"What do we do now?" wondered Philadelphia Manager Danny Ozark after beginning the week with a 1-0 loss to Ray Burris of Chicago. What his Phillies did from there on was to win five of six. They swept three games from St. Louis, thanks largely to a flock of onetime Cardinals. Ex-Card Dick Allen hammered out two doubles and a homer as the Phillies took the opener 5-1. A pinch single by Bobby Tolan, also a former Cardinal, touched off an eight-run eighth the next day and led to a 9-4 verdict. And then Steve Carlton boosted his record against his old teammates to 14-4 by gaining his 19th victory, 7-3, with the aid of a homer by Tim McCarver, yet another ex-St. Louisan. Mike Schmidt socked his 37th homer in Saturday's 6-5 win over the Expos. And on Sunday the Phillies locked up first place as Jim Lonborg beat Montreal 4-1.
Pittsburgh (3-6) agonized while playing six straight one-run games, four of them losses. First the Pirates blew a 6-2 lead to the Mets (5-1) and lost 7-6 as Dave Kingman bopped his 36th and 37th homers and Skip Lockwood gained his 17th save. A day later, the Bucs lost 5-4 when Met newcomer Lee Mazzilli hit a two-run, two-out homer in the ninth. In Chicago (3-4), the Pirates lost 2-1 in 13 innings when Manny Trillo singled, and 4-3 when Joe Wallis singled in the ninth.
When not being haunted by former teammates, the Cardinals won three of five. They overcame the Expos 9-7 with a five-run ninth, and trounced the Pirates 10-6 and 3-0, taking the second game when Lynn McGlothen outdueled former Cardinal Jerry Reuss.
Woodie Fryman of Montreal (3-4) beat St. Louis 1-0, Dan Warthen zapped New York 4-0 and Don Stanhouse downed Philly 3-2.
PHIL 94-60 PITT 88-68 NY 83-71 CHI 71-85 ST. L 70-85 MONT 53-100
Add this one to the legend of Pete Rose. Batting against San Francisco righthander John Montefusco, the switch-hitting Rose had doubles his first two times up, the second coming on a misplayed pop fly to left field. When Rose stepped into the box for his next at bat. Giant Catcher Gary Alexander said, "That last one was a gift." To which Rose replied. "I'll tell you what I'm going to do. I'm going to hit a double to right field this time." Alexander didn't buy it, saying, "You can't pull The Count." Moments later Rose had his third hit—as promised, a double to right—as Cincinnati went on to win 5-2. By week's end Rose had 40 doubles, the most in the league. If he stays on top, he will lead the league in this category for the third straight year. There was, indeed, a spate of statistical accomplishments as the Reds (4-1) clinched their fifth title in seven years. Reliever Rawly Eastwick, who has a 1.34 ERA, 16 saves and a 5-2 record in his last 47 innings spanning 32 games, notched his 25th save. When Don Gullett won his 10th game, the Reds became the first club in the league ever to have seven pitchers with 10 or more victories in a single season. Tony Perez' 18th homer was the first in 10 games by the Reds, the major league leaders in that category. But Manager Sparky Anderson was intrigued by yet another statistic. "It's been 54 years since a National League team has won consecutive world championships," he said. "That's our goal."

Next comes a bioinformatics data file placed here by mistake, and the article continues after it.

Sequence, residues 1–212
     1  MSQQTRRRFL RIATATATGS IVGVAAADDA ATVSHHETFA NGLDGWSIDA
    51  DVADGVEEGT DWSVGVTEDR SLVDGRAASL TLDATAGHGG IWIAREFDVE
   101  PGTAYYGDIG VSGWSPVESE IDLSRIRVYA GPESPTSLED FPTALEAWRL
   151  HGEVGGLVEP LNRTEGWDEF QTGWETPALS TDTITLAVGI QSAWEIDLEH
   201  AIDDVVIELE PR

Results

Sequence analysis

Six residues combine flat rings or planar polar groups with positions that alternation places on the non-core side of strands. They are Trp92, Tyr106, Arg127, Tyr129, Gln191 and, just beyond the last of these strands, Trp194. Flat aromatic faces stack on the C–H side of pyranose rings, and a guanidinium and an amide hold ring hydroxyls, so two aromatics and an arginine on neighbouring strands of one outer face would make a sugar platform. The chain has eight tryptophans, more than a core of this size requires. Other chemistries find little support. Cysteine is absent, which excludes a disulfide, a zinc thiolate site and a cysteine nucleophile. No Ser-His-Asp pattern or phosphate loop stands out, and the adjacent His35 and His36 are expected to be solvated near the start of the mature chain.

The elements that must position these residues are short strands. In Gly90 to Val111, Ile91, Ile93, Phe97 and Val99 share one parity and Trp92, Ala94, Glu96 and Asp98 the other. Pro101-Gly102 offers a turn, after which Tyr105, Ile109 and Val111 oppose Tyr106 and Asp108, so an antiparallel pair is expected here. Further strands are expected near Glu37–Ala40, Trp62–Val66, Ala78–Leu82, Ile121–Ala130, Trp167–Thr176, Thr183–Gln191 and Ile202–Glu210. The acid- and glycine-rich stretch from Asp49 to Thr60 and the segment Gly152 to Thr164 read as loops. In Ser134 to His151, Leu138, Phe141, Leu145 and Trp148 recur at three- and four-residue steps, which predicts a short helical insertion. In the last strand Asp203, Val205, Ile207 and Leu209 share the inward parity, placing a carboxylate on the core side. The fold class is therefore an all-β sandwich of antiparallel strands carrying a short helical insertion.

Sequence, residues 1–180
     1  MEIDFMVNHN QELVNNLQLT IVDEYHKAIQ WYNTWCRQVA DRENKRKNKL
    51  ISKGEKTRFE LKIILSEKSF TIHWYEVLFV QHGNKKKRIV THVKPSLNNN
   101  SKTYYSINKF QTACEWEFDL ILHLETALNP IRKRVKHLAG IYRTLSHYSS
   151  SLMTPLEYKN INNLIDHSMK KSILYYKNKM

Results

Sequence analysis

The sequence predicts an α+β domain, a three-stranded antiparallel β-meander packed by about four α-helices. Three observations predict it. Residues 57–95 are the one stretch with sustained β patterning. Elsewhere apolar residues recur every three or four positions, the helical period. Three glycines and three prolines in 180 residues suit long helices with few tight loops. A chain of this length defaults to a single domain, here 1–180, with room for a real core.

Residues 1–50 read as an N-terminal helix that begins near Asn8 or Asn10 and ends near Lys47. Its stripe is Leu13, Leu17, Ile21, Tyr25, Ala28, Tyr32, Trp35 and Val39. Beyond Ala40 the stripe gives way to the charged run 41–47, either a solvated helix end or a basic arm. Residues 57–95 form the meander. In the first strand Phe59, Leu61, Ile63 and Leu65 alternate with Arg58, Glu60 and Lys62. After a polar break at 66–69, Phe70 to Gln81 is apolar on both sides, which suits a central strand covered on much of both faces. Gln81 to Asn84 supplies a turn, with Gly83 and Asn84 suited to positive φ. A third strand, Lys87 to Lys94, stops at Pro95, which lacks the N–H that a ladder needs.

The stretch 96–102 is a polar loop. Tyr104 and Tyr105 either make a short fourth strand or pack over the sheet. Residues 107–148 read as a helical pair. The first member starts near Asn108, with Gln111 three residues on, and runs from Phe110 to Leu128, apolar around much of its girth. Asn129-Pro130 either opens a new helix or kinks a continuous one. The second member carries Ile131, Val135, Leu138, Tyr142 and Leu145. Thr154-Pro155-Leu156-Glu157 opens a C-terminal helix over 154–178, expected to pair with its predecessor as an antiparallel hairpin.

"Finally. Finally. Finally." That was Don Sutton's reaction after becoming a 20-game winner for the first time in his 11 years with Los Angeles (5-1).
Randy Jones of San Diego (1-5), who had lost 10 of his past 13 decisions, held off Atlanta 6-4 for his 22nd win. A couple of other fine pitchers on dreary teams also improved their records by defeating Houston (4-2). Jim Barr of the Giants (1-5), backed up by Gary Matthews' three homers, shut out the Astros 10-0 for his 15th win. And Phil Niekro of Atlanta (2-3) earned his 16th triumph, 6-2.